Monday, March 5, 2012


Inspired by Mary Amato’s post on Sharing Mistakes,, I told students the story of a recent poem acceptance. In addition to a few stylistic changes, the editor asked if I would consider chopping off the last two lines. I was hesitant. The poem felt unfinished without the ending. Then, as I usually do, when an editor makes a suggestion, I examined those lines again. Did I really need them? Were they redundant? Could I rework the beginning so the new ending felt more resonant? I gave it a whirl and revised the poem, creating a version I liked better. In the end, I was grateful to the editor for pushing me to write a stronger poem. 

Art by Maggie D.
This is not the first time an editor has asked me to remove an ending, change a title, or even switch the point of view. Revisions at the request of an editor are part of any published author’s life.  Books rarely spring perfectly formed from the writer’s brain. They benefit from the suggestions of others. When someone gives me a good idea for fixing one of my stories or poems, they give me a present—an opportunity to write something better. In the long run, I am happier.  Of course, it can be hard to hear that writing you think is finished needs further work, but good writing requires hard work. At author visits, I often tell students how I expanded my original idea for Zapato Power from a 1,0000 word easy reader to a 5,000 word chapter book. Likewise, my Constitution book, Unite or Die: How Thirteen States Became a Nation began as a four page skit of 800 some words that I expanded to over 3000 words. Students are accustomed to hearing their teachers tell them they should add details or change things in their writing. It can be comforting (and empowering) for students to hear that all writers are asked to expand their stories. A frequent question at author visits is: “How many times do you revise?” The truth is I revise so many times, I lose track. Thirty times may be an average number but I sold a book last year that I’ve been re-writing in different formats for over twenty years. That book must have gone through at least one hundred revisions.

Teachers are often frustrated by a student’s unwillingness to go back and revise. Kids often feel they are finished the second they put the period on the last sentence. So it bears repeating as often as possible that revision is the key to good writing.  While not all students will be motivated to rework their pieces, some will be inspired with amazing results. A student recently came to me with a brief third person story about a father/son ski trip that ended in the boy’s death. I suggested that she fill out the story to make the reader feel more connected to the characters. I also commented on how the death of a child is very sad. The student said she wanted to write a sad story. I said, “That’s fine. Just make the reader feel the experience.” To be honest, I didn’t expect the student to pursue the project. About a week later, the student came back to me with a story written from the viewpoint of a daughter who lost her father during a skiing accident. I was blown away by the immediacy of the voice. A couple of ho-hum paragraphs about a nameless boy who died in a hole had been transformed into a riveting first person story. I felt the panic and pain of this new character as she realized her father was fatally injured. The young writer had added strong dialogue and vivid details one would never have imagined from her first draft. She proved to herself and her readers how much a new approach can enhance a story.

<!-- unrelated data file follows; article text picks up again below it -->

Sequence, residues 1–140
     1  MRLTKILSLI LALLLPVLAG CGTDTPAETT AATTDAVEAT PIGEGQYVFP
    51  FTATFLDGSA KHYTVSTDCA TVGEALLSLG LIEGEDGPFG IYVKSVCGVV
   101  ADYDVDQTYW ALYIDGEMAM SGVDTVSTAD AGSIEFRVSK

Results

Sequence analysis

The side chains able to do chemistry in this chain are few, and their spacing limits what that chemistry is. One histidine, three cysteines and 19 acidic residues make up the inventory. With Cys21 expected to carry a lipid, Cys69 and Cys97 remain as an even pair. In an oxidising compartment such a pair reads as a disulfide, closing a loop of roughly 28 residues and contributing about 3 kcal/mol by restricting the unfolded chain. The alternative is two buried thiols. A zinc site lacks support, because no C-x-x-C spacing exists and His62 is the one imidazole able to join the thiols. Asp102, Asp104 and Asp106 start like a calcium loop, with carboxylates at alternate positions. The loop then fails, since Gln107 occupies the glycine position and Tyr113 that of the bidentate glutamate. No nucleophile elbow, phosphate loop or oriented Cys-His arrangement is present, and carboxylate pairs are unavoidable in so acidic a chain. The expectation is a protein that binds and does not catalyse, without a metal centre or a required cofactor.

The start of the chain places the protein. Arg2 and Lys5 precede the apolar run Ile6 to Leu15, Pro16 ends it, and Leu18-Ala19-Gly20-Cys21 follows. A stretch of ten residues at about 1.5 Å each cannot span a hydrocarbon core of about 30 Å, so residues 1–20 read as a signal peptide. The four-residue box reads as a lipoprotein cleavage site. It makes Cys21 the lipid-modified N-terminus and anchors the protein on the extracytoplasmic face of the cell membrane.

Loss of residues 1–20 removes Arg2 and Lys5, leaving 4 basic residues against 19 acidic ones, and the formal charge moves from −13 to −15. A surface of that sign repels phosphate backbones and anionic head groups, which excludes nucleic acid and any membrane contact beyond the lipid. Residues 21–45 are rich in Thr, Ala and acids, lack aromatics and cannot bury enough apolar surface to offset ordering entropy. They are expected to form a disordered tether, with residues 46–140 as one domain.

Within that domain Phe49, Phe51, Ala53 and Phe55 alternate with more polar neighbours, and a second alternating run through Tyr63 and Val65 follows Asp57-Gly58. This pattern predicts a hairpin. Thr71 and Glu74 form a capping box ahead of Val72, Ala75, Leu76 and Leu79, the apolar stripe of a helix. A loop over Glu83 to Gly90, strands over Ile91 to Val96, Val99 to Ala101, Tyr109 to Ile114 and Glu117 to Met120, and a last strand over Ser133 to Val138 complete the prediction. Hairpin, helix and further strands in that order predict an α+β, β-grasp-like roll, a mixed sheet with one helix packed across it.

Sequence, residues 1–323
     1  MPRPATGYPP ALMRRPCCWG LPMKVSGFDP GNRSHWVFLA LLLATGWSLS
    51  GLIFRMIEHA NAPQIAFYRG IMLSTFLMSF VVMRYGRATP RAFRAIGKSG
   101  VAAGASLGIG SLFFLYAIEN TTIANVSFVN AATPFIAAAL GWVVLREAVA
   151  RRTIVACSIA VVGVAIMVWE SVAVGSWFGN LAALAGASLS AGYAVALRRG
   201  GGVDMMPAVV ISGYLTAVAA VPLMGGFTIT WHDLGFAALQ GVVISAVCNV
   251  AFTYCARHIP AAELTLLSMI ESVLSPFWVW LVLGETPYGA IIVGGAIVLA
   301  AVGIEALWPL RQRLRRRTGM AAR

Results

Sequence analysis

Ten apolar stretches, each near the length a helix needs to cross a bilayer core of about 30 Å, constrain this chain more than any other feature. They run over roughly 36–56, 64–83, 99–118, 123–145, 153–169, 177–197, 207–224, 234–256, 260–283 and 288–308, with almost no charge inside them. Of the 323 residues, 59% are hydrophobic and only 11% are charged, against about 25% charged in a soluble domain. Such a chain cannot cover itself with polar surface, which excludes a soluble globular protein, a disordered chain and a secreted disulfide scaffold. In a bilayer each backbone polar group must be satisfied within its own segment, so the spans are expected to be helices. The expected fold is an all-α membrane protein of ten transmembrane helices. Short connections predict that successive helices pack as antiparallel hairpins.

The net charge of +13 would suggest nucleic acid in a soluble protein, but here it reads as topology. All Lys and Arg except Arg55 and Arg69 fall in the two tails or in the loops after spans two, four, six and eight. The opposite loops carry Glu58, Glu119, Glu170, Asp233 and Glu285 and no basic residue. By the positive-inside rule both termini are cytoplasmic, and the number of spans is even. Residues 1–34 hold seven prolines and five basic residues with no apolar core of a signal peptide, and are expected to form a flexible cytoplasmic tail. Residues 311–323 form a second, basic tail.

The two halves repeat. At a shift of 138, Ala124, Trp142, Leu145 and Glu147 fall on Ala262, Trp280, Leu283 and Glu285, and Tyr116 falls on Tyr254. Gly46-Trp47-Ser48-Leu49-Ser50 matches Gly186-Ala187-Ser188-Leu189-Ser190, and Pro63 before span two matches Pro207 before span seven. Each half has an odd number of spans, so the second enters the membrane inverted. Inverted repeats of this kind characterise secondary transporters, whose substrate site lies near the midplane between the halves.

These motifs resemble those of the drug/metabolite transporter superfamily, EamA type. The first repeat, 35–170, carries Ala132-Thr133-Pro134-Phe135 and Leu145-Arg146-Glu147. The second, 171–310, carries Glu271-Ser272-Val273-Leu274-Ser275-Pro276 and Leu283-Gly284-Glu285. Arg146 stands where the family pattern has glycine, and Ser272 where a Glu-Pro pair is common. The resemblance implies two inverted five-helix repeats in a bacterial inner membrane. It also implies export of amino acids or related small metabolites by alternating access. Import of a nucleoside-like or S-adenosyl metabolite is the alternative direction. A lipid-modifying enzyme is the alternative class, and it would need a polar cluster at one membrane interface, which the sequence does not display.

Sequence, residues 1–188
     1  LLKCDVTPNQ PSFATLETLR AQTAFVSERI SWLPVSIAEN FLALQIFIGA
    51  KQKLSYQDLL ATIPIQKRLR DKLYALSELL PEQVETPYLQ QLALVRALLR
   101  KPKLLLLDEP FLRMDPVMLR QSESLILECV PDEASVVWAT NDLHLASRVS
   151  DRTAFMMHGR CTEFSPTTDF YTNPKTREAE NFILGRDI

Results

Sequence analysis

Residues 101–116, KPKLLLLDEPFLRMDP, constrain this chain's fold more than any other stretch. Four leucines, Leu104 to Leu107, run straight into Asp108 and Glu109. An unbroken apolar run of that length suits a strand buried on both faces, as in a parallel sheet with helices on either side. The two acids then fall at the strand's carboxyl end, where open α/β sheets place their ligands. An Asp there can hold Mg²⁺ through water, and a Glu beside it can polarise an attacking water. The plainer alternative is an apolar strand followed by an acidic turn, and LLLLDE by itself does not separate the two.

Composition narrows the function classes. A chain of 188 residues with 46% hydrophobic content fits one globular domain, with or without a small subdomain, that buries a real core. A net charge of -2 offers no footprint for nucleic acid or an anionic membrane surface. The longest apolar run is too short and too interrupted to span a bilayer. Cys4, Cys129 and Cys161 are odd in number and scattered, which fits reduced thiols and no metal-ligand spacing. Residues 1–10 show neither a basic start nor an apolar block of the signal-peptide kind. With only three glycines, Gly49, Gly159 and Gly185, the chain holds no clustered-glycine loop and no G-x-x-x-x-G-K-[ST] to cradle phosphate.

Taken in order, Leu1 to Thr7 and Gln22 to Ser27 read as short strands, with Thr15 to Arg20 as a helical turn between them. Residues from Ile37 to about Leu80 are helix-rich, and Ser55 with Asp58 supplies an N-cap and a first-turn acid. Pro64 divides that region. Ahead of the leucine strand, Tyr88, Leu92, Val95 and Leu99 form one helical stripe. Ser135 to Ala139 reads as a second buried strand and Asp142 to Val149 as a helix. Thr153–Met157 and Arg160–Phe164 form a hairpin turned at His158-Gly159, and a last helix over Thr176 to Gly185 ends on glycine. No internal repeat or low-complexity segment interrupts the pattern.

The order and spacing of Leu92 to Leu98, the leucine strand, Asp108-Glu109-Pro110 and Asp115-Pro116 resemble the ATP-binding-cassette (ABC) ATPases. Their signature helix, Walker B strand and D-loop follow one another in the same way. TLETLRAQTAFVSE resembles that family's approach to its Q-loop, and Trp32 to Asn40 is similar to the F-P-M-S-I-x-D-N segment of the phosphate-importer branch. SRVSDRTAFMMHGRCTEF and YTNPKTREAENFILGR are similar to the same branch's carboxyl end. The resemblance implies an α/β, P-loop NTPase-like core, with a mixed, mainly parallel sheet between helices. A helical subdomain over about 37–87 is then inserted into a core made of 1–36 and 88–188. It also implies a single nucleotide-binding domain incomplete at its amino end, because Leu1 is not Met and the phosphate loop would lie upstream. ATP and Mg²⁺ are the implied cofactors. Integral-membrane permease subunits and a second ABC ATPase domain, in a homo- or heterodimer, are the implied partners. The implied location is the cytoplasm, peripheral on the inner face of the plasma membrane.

Another example comes from a student who wanted to write a story about the day she overcame her fear of riding roller coasters. However, she got bogged down in the beginning and somehow ended up spending more time describing the breakfast she ate and the drive to the amusement park than the roller coaster ride. I suggested that she trim the beginning and add more details about her fear of riding coasters and how she overcame it. At first, she balked (as I did when the editor asked me to rewrite my poem). Then, she sat down to try again. The end result was a piece so focused the reader felt the queasiness in the girl’s stomach as she considered overcoming her fears.

As teachers, sometimes we are afraid to push our students to do better work. We don’t want to discourage them. But the delighted face of a student who realizes he/she has transformed a weak work into a strong one is an empowering gift for all involved.

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